# Intuitive interpretation of some vector-dif-calc identities

Dear All,

I am studying electrodynamics and I am trying hard to clearly understand each and every formula. By "understand" I mean that I can "truly see its meaning in front of my eyes". Generally, I am not satisfied only by being able to prove or derive certain formula algebraically; I want to "see through it".

With this regards, there are three formulas from vector differential calculus, which I can happily derive or prove (by expanding and comparing individual vector components, etc.), however, I am unable to truly understand them.

The three formulas are famous: (1) curl(AXB), (2) div(AxB) and grad(A dot B).

Expansions of these formula consist of several terms, whose meaning I cannot grasp intuitively. By this I mean that I cannot "visualize" how all these terms together coherently join to form e.g. curl of the cross product, etc..

Is there any book or other resource, which does not deal with these formulas purely algebraically, and which does not simply states "expand the expression in term of individual components and be happy". I am looking for a resource which graphically or in any other way gives an intuitive explanation of these formulas.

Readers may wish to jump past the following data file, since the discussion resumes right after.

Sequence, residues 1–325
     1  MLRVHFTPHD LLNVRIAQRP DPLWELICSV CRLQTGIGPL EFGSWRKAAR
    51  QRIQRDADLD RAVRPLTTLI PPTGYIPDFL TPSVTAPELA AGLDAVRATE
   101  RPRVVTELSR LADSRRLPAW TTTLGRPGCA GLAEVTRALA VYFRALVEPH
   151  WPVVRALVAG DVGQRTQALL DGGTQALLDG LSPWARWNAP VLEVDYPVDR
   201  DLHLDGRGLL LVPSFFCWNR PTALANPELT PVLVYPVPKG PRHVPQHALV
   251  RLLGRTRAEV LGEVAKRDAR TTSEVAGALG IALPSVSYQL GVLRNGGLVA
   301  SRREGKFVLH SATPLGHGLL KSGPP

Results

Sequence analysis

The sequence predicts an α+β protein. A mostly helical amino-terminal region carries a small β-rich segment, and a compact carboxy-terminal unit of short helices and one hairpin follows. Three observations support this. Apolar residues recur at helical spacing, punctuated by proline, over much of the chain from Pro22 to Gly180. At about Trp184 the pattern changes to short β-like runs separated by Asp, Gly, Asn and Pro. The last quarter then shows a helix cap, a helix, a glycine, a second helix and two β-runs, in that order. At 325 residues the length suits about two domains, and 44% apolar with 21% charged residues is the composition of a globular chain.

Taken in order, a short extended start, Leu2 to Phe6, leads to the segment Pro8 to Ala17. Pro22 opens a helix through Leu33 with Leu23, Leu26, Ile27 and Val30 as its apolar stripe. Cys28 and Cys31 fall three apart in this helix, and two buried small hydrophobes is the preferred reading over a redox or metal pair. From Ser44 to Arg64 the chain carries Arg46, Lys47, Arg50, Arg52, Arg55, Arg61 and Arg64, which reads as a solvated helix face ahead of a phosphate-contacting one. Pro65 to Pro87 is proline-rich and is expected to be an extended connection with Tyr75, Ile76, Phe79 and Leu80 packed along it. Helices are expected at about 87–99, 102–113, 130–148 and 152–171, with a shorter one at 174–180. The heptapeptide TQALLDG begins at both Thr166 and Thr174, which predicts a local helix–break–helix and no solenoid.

Any hints about such a reference would be highly appreciated.

Thank you in advance and best regards

Related Other Physics Topics News on Phys.org
robphy
Homework Helper
Gold Member
There are some interesting ideas on Bill Burke's page
http://www.ucolick.org/~burke/home.html

He was an advocate of using differential forms instead of vector calculus.

Along these lines, one might argue that
viewing or seeking patterns in "fields of vectors" might not be the right structure to use for visualizing your expressions.

Following Burke's approach (which likely came from Misner-Thorne-Wheeler's approach, which in turn likely came from Schouten's approach),
I can visualize vectors and covectors, bivectors and two-forms, and their algebraic operations...
but I don't yet have a good feel for visualizing the exterior derivative (which are related to div, grad, and curl).

Sevastjanoff
Dear robphy,

thank you for the provided hint. I will examine the suggested web page with great interest.

Best regards